Bad news for the Millennium Challenge Corp.: Congress is likely to slash 2009 funding for the Bush administration's brainchild by 40 percent this week, from $1.5 billion in fiscal 2008, according to documents released by House appropriators on Monday.
The House is expected to vote Wednesday on a broad 2009 spending package that includes $875 million for MCC. Approval by both chambers - as well as President Obama - is likely.
According to a House Appropriations Committee release, funding was cut because of "slow program implementation, [which is] making funds in this bill sufficient to move forward on new compacts."
MCC did not immediately respond to a request for comment on the cuts.
The White House is expected to unveil its 2010 budget request in the coming days, and it is not clear at this point whether Obama is ready to abandon the agency, whose beneficiaries tend to be free-market democracies.
If the Senate had its way, funding would have been cut even more, to $254 million.
"We have reduced funding for the Millennium Challenge Corporation, but his should not be misinterpreted as a lack of support for the MCC," Sen. Parick Leahy said after the Senate Appropriations Committee passed initial budget language last July. "We want it to succeed, and we intend to fund future compacts. But with a pipeline of $7.5 billion and just $235 million disbursed, it makes sense first to process the billions that have already been appropriated. We want to see more results before we sign new compacts."
The development community has been speculating about MCC's fate since Obama took office. Some have speculated that the government corporation's focus on on free-market democracies was more in line with the Bush doctrine of spreading democracy than Obama's "smart power" approach. Others have speculated that the agency would be swallowed by the State Department.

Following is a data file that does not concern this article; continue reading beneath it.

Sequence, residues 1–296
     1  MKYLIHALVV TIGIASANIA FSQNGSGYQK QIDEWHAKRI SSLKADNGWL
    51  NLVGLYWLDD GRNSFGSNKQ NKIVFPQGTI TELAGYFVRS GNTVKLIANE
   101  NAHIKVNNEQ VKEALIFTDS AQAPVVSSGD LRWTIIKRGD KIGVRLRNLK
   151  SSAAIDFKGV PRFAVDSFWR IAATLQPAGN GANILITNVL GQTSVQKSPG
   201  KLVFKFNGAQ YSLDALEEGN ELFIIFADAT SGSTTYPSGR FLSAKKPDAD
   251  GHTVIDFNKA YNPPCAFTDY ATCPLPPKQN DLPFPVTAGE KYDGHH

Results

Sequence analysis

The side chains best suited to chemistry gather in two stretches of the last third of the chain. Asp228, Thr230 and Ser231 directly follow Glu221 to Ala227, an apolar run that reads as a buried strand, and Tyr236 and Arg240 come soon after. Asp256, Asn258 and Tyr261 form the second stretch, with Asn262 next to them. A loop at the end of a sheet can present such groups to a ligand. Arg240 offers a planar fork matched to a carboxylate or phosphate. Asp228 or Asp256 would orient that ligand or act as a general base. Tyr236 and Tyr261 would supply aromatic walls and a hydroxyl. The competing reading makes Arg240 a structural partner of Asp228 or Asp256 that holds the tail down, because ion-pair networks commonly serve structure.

Still, the funding cuts should not be interpreted as a death notice for the agency. Secretary of State Hillary Clinton has expressed support for MCC, as have prominent figures in the development community. Also, the cuts are not that surprising giving the tight fiscal environment.
Also part of the 2009 budget are:
$36.6 billion in discretionary funds, allocated for the State Department, U.S. Agency for International Development, and foreign economic and military aid programs.
$808.5 million, up $178 million from 2008, for USAID, to add 300 foreign service officers.
$7.1 billion towards global health initiatives, including $5.5 billion for HIV/AIDS prevention and treatment ($600 million specifically for programs through the Global Fund to Fight AIDS/HIV).
$1.5 billion to the International Development Association.
$971 million for refugee assistance, up $104 million from last year.
$350 million for disaster assistance, up $30 million from last year.
$300 million for safe water programs.
$340 million for the Peace Corp, up from $9 million in 2008.
Check back for more analysis!